Abstract 116: Early Experience in Refractory Cardiac Arrest Treated with Mechanical Cpr, Hypothermia, Ecmo and Early Reperfusion (the Cheer Study)
Background: Survival following out-of-hospital cardiac arrest (OHCA) remains poor. There is growing international interest in utilizing extracorporeal membrane oxygenation assisted CPR (E-CPR) to improve management of cardiac arrest. We seek to describe our experiences in establishing Australia’s first pilot trial into E-CPR for refractory OHCA.
Methods: The CHEER study (mechanical CPR, Hypothermia, ECMO And Early Reperfusion) is a collaboration between The Alfred Hospital and Ambulance Victoria. In the pre-hospital phase patients with refractory cardiac arrest within study recruitment hours are placed on a Zoll AutoPulse™, administered 2L of ice-cold saline to induce therapeutic hypothermia and transported to The Alfred Hospital with on-going standard resuscitation measures. The E-CPR team is mobilised to the emergency department and the femoral artery and vein are percutaneously cannulated during CPR by two intensive care physicians for VA-ECMO, with vascular ultrasound guidance. A coronary angiogram+/-intervention is then performed followed by 24 hours of hypothermia, mechanical ventilation and hemodynamic support.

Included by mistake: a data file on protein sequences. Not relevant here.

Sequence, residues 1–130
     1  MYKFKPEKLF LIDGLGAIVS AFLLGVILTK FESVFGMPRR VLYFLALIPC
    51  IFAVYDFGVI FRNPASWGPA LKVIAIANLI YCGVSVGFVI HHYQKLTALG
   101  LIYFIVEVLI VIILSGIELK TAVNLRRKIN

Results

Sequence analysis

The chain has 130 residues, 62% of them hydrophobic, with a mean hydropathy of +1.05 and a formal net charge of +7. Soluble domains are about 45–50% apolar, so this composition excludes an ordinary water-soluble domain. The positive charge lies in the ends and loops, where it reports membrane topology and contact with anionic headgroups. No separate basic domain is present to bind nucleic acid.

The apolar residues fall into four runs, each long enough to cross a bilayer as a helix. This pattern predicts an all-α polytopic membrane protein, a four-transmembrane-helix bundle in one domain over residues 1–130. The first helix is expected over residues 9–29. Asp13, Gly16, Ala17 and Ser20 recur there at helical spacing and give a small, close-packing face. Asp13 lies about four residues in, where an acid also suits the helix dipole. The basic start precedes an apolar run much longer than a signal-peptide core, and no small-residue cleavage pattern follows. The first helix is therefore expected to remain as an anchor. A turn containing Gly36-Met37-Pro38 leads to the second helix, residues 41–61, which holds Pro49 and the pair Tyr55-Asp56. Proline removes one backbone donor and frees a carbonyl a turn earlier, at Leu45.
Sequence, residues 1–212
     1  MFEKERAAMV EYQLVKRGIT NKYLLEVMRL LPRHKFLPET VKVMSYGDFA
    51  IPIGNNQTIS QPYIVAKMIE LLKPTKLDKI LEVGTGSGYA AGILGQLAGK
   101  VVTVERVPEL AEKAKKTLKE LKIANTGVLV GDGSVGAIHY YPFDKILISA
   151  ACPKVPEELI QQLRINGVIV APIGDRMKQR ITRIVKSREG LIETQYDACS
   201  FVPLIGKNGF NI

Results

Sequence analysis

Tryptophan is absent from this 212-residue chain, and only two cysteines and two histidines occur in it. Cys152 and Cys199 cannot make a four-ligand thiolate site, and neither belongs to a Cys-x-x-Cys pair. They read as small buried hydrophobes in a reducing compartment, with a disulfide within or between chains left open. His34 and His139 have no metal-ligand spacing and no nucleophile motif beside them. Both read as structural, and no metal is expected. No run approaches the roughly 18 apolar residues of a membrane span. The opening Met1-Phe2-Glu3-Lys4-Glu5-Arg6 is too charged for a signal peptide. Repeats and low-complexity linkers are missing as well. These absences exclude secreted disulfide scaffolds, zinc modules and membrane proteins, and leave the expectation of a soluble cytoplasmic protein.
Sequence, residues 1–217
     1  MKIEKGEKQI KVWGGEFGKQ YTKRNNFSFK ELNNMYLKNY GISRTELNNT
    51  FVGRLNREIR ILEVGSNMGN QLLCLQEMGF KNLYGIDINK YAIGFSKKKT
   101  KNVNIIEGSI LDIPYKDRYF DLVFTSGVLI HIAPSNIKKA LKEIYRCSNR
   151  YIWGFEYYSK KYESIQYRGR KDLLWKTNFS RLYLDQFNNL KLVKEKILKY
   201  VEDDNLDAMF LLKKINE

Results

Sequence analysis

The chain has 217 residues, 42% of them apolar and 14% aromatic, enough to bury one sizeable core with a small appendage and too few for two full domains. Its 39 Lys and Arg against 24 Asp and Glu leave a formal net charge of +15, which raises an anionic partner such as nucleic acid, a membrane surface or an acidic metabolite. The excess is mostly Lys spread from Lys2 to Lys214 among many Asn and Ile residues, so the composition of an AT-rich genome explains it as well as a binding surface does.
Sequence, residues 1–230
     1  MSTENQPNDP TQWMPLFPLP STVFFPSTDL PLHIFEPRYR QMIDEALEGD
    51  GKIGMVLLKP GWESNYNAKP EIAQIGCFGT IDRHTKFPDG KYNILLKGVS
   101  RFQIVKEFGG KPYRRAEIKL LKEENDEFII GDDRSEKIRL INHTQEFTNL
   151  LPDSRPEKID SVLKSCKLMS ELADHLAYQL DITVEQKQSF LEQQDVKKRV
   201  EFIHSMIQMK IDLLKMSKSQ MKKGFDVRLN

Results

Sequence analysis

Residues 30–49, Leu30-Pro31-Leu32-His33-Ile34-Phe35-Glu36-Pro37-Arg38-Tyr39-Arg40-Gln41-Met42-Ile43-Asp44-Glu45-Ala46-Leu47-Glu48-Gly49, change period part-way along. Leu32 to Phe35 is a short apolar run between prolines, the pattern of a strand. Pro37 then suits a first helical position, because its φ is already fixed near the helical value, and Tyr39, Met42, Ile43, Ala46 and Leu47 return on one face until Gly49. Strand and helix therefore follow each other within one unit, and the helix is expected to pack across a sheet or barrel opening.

Results: Three advanced life support ambulances have been trained on the trial protocol and use of the Autopulse since September 2011. Six patients (mean age 50+/-9 years) experienced persistent OHCA, with a mean ischemic time of 79+/-29 minutes. In 5 (83%) patients, return of spontaneous circulation was achieved (2 prior to E-CPR). Mean duration of ECMO support was 51+/-18 hours and average length of hospital stay was 6+/-5 days. Cardiac arrest aetiologies included acute coronary syndrome requiring percutaneous coronary intervention in 4 patients (66%), arrhythmogenic right ventricular cardiomyopathy in one patient and type A aortic dissection in the other. Survival to hospital discharge occurred in 3 patients (50%), all with favourable neurological and functional recovery.
Conclusions: Establishing an E-CPR program for refractory cardiac arrest with cooperation from local ambulance crews is feasible. Further research into the efficacy and resource implications of E-CPR is needed.
- Extracorporeal circulation
- Cardiopulmonary resuscitation
- Percutaneous coronary intervention
- © 2013 by American Heart Association, Inc.